The only thing I don’t like about the Instax 12 is the look. The body is in the same style as the Mini 11, with a Bob Ross type, fluffy cloud vibe and shape and range of colors available. It’s fun and playful and I can see why Fuji uses it – turning the camera into a friendly, approachable object. It screams This is easy and fun! For those like me, who want something more, well, like a camera, there’s always the Instax Mini 40. Or if you want to splurge, the Mini 90. Check out our instant camera guide for more.
In addition to the Mini 12, Fujifilm has released a new free app called Instax Up. The key feature is that it will “scan” (ahem, photograph) your Instax prints, allowing you to store and share them online. If you have photos in any other Instax app, you can import them into Instax Up so they’re all in one place.
Once the image is in the app, you can edit it with a few simple controls, add notes, and even geotag it with a map. If you amass a substantial collection of scans, you can filter and search by Instax film type, scan date, or any tags you’ve added. You can also share the image with any other app on your phone.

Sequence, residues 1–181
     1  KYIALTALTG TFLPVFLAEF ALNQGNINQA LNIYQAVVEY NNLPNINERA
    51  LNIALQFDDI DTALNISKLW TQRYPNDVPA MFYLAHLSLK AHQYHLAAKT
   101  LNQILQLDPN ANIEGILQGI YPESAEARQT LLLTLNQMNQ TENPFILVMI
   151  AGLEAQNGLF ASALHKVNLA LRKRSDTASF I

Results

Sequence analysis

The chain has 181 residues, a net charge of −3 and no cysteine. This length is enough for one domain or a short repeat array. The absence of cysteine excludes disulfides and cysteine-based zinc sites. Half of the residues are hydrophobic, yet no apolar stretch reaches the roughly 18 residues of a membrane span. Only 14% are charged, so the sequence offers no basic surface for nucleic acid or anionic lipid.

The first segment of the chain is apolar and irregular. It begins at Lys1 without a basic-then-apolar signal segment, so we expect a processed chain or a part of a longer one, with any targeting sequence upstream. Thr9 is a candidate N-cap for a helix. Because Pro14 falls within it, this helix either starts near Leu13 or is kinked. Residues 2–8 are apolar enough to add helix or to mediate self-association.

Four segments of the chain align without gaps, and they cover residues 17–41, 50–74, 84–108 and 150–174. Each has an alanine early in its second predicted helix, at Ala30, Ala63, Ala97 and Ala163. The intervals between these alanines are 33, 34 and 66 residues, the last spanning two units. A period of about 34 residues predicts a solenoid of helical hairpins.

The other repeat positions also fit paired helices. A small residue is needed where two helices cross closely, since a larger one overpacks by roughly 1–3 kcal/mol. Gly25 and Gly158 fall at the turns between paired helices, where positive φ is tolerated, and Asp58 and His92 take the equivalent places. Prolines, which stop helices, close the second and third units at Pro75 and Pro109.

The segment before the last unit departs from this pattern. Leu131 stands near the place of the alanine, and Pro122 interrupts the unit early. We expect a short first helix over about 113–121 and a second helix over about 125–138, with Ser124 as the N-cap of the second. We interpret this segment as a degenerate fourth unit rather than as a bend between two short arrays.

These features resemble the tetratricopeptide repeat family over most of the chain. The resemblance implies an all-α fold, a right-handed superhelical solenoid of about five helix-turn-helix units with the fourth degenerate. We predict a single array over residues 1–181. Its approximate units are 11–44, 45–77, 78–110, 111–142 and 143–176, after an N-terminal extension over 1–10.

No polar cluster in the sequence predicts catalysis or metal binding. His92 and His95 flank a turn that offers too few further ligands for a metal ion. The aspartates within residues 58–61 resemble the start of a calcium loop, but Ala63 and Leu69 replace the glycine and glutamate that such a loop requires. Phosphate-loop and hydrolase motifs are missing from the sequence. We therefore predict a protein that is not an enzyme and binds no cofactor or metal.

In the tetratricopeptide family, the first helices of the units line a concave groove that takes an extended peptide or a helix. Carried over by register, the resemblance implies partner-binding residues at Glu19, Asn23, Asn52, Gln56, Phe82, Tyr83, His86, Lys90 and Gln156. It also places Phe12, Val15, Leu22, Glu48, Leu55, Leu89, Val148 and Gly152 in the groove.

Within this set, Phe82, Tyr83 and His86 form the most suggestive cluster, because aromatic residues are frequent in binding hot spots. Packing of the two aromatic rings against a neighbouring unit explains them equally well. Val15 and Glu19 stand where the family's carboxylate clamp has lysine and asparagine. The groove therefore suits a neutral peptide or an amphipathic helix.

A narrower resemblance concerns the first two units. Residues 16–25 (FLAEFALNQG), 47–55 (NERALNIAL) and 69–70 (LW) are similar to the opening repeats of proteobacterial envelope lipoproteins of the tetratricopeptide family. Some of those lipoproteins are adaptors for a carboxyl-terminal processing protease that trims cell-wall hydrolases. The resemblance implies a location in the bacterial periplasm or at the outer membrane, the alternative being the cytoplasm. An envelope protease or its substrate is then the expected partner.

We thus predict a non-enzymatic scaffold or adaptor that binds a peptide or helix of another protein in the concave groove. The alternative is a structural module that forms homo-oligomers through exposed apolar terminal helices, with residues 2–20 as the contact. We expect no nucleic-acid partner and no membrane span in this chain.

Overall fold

So yes, you can now even post your Instax selfies on Instagram. So much for the tangible. I get it, I get it. I am old and grumpy. Fujifilm no doubt has a ton of market research to prove the intelligence of this move. I, personally, deleted the application as soon as I proved to myself that it works as advertised.
In my world, Instax prints are something you tape to the wall. And they stay there until the sun blasts those moments into nothingness, leaving only the cold darkness of the evening and those moments we have carved into our minds. Either way, the Mini 12 is the cheapest, easiest way to enter the world of Instax, and remains my top pick for anyone who wants a simple, affordable, and incredibly fun instant camera.